When choosing where to work, it’s natural to focus on salary, benefits, and the company’s prestige. While these are logical things to consider, be sure to consider the company’s culture as well. If you pick a company whose culture doesn’t align with your values or goals, then you’re likely to be unhappy.
For instance, if you value living a balanced life, then you don’t want to work somewhere with a workaholic culture. At best, you’ll be the one who doesn’t fit in because you value balance. At worst, you’ll pick up your coworker’s unhealthy habits and end up burning out.
Conversely, you don’t want to work somewhere with a culture that’s too lax. If everyone is disengaged from their jobs a la Office Space, your coworkers may put down your attempts to excel. Or, even worse, the culture of laziness may rub off on you and hinder your overall career progress.
To see if a company’s culture is right for you, ask about it in interviews. In addition to protecting you against a job you’ll hate, asking about company culture also shows the interviewer that you care.
It shows that you’ve put some thought into why you’d like to work at that company specifically, not just the position in general. And if an interviewer seems perplexed when you ask about company culture, that’s a sign you should apply elsewhere.
If you want to get better at your work, you must seek feedback. Otherwise, you’ll have no idea if you’re on the right path. But what’s the best way to go about this?
To start, ask your boss or manager what you can do to be better at your job. If you’re concerned about a particular aspect of your performance, you can start by asking about that. But also be open to what your supervisor suggests. They likely have suggestions you wouldn’t have considered.
Not only is getting feedback essential for improving, but it’s also a critical part of getting a raise. Asking for feedback at all shows your manager that you care about doing your job well, which is sure to impress. And once you’ve acted on your manager’s feedback and improved your performance, you can point to that as justification for a pay increase.
Of course, getting feedback can be uncomfortable. You have to learn how to take criticism constructively. A good manager will make this easier, delivering objective feedback without criticizing you personally.
But even then, you need to remember that any criticism you get is about your job performance, not your worth as a person. Otherwise, you’ll end up feeling bad about yourself on top of never improving.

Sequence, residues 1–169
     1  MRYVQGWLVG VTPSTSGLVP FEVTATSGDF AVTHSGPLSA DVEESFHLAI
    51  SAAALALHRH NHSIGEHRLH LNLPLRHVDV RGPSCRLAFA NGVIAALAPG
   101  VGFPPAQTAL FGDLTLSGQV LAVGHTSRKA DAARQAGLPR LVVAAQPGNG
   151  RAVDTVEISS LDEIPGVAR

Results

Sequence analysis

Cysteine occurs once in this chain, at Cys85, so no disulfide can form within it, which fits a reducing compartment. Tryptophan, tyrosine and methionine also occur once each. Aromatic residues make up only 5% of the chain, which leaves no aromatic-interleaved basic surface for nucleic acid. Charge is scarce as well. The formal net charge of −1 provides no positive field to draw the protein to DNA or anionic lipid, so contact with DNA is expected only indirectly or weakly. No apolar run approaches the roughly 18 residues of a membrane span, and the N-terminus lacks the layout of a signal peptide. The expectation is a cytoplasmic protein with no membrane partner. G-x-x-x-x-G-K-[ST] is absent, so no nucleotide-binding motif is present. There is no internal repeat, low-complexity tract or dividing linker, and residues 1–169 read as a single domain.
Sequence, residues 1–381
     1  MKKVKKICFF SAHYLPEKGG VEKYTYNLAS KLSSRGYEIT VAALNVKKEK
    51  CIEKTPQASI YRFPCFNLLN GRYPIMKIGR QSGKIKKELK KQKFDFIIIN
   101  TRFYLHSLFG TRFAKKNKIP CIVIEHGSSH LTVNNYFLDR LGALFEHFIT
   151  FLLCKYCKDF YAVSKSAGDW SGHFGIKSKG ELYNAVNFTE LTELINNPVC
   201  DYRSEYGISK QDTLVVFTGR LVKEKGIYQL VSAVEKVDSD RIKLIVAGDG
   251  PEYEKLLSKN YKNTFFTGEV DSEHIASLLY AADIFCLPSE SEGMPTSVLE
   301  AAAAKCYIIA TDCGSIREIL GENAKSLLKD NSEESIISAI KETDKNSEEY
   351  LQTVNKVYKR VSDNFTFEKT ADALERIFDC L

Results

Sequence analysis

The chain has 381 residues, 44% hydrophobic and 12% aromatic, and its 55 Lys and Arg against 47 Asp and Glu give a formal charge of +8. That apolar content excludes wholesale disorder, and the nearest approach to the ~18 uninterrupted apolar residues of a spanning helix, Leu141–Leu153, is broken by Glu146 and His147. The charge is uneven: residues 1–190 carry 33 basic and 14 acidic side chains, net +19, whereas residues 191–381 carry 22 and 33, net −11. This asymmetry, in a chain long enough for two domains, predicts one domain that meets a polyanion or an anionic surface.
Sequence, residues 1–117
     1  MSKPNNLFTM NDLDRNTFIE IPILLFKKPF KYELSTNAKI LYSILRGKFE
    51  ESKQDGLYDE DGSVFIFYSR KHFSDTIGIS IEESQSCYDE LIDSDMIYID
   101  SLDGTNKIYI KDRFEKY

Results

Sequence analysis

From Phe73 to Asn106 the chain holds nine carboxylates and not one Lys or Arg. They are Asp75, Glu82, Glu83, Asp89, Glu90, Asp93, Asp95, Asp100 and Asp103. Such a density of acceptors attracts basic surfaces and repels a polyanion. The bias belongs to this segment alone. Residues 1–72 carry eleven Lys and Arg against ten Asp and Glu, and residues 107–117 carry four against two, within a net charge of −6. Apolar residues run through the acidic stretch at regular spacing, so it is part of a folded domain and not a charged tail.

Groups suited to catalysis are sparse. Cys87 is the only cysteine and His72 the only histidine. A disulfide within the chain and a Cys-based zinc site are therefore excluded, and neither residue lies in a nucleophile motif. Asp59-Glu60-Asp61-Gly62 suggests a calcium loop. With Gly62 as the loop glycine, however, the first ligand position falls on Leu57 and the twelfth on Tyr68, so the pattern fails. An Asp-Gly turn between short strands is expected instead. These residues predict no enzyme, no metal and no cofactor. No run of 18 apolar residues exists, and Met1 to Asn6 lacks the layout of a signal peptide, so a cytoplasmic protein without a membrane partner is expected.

So far, I’ve talked a lot about how to do well in your current job. However, you shouldn’t get so focused on excelling in your job that you ignore other opportunities. You should always consider where you want to be next, and whether or not your current job or company is helping you reach that goal.
If you discover a better opportunity elsewhere, then pursue it! Of course, you shouldn’t burn bridges in your current organization. But you should also know that we no longer live in the era of working at one place your entire life.
Managers expect that people early on in their careers will switch to a different company if a better opportunity arises. So don’t let misguided ideas about loyalty dissuade you from making a job change if it’s sensible for you.
“Where do you see yourself in 5 years?” is a popular interview question. And while your answer to that question can tell an interviewer a lot, you shouldn’t necessarily plan your career 5 or 10 years in advance.
This doesn’t mean you should have no plan. Rather, you should be cautious of planning too far ahead. While 5 years isn’t really that long in the scheme of an entire human life, it’s still too long for you to make accurate predictions. This is especially true when you’re early in your career and still trying to figure out what you want to do.
Just looking at my career journey, 5 years ago I had no idea I’d settle in Denver or head up content for this website. I assumed I’d be freelancing and switching countries every few months. But priorities change, new opportunities arise, and life throws you curveballs.
Therefore, you should make only enough of a plan to guide you in the right general direction. Beyond that, remain open to opportunities and accept that there will be setbacks.
If you plan too much, you can cut yourself off from new opportunities that require you to change your plans. Similarly, too much planning can make you less resilient against setbacks that require you to change course.
To get ahead in business and life, you have to network. Few deny that fact, but many go about networking the wrong way. If you think effective networking is only about shaking hands and exchanging business cards (or the virtual equivalent), then you’re doing it wrong.
This way, you win no matter what. If you make friends with an interesting person and it never benefits your career, you’ve still gained a friend.
But if it turns out you can help each other professionally, then starting from a place of friendship is much better than some perfunctory LinkedIn messages. People want to help people they like, and nowhere is this truer of friends (except maybe in the case of family members).